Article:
... that left Lady Treherne's lips as she saw the fall. It brought out both guests and servants, to find Octavia recklessly struggling with the frightened horse, and my lady down upon the stones with her son's bleeding head in her arms. ...
— The Abbot's Ghost, Or Maurice Treherne's Temptation • A. M. Barnard

... the Swiss club somebody who was being thrown out into the street was shouting in a gurgling voice, "Let go o' my throat or I'll corpse ye!" And farther on two or three girls in their teens, with their arms about the necks of twice as many men, were reeling along the pavement and singing ...
— The Christian - A Story • Hall Caine

... of the holy Sepulchre; and the procession to the holy places or stations performed by the Catholic Christians. Concerning this the eloquent Pere Abbe de Geramb, in his interesting Pelerinage at Jerusalem in 1832, informs us that "by means of a figure in relief of the natural size, whose head, arms, and feet are flexible, the religious represent the crucifixion, the descent from the cross, and the burial of Jesus Christ, in such manner as to render all the principal circumstances apparent to ...
— The Ceremonies of the Holy-Week at Rome • Charles Michael Baggs

... contempt." Laying the hand upon another's head or shoulder, clinging to the arms or about the waist, is a freedom that only near relationship or close friendship will excuse. Among slight acquaintances it is an unwarrantable liberty. Even at the impulsive "school-girl age" young ladies should be taught to ...
— Etiquette • Agnes H. Morton

... with her infant in her arms, the woman in dull obedience followed her down the sun-baked block to ...
— Flint - His Faults, His Friendships and His Fortunes • Maud Wilder Goodwin

... or a child. He liked to be with people of his own age, whatever their condition; he also liked old people because they were old, and children because they were young. In travelling by rail, he would woo crying babies out of their mothers' arms, and still them; it was always his back that Irishwomen thumped, to ask if they must get out at the next station; and he might be seen handing out decrepit paupers, as if they were of royal blood and bore concealed sceptres in their old umbrellas. Exquisitely nice in ...
— Malbone - An Oldport Romance • Thomas Wentworth Higginson

... the old gentleman towards the door, but Henery Walker, wot was still sitting down, threw 'is arms round his legs and held 'im tight. Bob Pretty pulled one way and Henery Walker pulled the other, and both of 'em shouted to each other to leave go. The row they made was awful, but old Mr. Walker made more noise than the two ...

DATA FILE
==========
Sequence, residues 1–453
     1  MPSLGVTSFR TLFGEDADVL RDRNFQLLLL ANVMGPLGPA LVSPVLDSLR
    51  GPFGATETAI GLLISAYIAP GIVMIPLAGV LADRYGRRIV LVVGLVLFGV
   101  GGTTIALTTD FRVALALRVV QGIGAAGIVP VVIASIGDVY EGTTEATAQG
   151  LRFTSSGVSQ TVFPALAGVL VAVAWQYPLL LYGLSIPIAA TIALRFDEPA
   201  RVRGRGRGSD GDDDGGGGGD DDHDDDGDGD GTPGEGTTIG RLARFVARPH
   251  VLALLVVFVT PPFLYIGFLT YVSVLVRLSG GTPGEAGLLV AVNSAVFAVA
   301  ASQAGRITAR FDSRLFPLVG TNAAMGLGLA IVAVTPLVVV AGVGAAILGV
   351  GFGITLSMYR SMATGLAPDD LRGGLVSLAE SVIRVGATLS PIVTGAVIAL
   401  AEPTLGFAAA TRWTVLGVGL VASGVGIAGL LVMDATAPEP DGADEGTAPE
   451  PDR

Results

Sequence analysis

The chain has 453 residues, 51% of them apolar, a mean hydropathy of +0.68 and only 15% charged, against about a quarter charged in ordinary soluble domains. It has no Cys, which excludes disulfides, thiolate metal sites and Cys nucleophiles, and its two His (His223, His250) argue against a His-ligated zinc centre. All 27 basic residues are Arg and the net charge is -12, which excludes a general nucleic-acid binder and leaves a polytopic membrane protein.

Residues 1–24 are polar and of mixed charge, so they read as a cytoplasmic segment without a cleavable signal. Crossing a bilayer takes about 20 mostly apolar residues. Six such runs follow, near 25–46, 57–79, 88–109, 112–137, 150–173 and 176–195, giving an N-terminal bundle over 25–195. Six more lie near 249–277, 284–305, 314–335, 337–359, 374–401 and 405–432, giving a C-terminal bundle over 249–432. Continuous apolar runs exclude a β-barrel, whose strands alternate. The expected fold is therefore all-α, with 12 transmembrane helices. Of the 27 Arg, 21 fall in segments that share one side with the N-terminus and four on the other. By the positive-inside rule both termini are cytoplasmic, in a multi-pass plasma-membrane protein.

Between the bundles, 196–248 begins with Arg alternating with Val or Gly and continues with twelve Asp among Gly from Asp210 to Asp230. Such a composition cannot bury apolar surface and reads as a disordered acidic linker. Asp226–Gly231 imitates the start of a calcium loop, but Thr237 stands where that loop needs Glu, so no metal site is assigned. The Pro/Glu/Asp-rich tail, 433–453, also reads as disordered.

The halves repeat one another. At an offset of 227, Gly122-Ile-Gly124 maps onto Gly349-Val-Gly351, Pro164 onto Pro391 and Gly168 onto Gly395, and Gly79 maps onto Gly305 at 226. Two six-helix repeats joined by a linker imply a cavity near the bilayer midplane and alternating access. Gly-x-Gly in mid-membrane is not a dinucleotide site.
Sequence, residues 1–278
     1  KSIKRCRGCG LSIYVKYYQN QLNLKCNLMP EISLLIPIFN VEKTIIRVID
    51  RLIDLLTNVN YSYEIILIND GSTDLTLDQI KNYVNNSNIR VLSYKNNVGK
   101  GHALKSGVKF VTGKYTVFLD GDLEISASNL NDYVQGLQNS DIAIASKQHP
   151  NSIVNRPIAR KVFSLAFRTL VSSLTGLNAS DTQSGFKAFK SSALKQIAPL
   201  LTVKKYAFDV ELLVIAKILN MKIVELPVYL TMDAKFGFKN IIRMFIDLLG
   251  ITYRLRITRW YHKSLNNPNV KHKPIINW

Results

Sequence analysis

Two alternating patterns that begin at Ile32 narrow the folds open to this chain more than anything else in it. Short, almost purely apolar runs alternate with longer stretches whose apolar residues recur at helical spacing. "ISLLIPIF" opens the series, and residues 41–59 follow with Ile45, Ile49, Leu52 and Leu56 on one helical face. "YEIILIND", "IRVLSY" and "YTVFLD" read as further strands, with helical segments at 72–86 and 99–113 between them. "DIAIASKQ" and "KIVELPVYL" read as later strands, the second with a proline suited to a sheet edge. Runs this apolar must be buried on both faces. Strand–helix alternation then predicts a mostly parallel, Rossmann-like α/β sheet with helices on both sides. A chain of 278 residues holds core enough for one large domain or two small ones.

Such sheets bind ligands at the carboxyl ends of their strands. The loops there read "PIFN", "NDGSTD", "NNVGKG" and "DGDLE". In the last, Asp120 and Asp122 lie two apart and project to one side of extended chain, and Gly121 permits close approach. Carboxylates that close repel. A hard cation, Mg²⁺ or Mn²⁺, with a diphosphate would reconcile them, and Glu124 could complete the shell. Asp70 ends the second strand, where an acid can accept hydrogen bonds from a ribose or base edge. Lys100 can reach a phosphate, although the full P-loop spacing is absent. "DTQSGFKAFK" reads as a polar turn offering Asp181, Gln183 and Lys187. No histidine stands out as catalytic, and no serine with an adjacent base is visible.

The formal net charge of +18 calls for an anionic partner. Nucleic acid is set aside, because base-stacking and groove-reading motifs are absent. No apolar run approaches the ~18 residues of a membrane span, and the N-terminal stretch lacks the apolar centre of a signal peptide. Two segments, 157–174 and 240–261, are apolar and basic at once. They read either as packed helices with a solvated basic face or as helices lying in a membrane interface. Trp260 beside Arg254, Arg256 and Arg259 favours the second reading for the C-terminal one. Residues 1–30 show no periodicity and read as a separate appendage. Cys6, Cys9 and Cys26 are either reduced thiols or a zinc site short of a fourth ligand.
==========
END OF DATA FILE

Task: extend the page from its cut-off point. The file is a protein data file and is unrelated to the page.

— Short Cruises • W.W. Jacobs

... her now, all heedless of the rain. She could see him dimly in the shadow, then, all at once, more clearly in the firelight. His head was bowed and his arms folded, yet in the strong lines of his body there was no hint of weariness. Well did the Lady Elaine know that until Dawn spun her web of enchantment upon the mysterious loom of the East, he would march sleeplessly before ...
— At the Sign of the Jack O'Lantern • Myrtle Reed

... was pushed into the stateroom she fainted and pitched headlong on the floor. Thoroughly alarmed, Dora raised her cousin in her arms. At the same time Baxter shut the door and ...
— The Rover Boys on the River - The Search for the Missing Houseboat • Arthur Winfield

... belonged to one of the oldest families of Poitou. Three or four of his ancestors had filled successively the most important positions in the province. Why, then, had they not bequeathed a title and a coat of arms ...
— The Widow Lerouge - The Lerouge Case • Emile Gaboriau

... assault and hold the position, and it is for their advance and to bring them up to the point that determines the battle in the condition most favorable to insure success that all the efforts of the other two arms must be devoted. I have made these preliminary remarks, as from my paper being entirely given to the actions of cavalry, it might appear that I am claiming more for that arm in the battle field than is reasonable; ...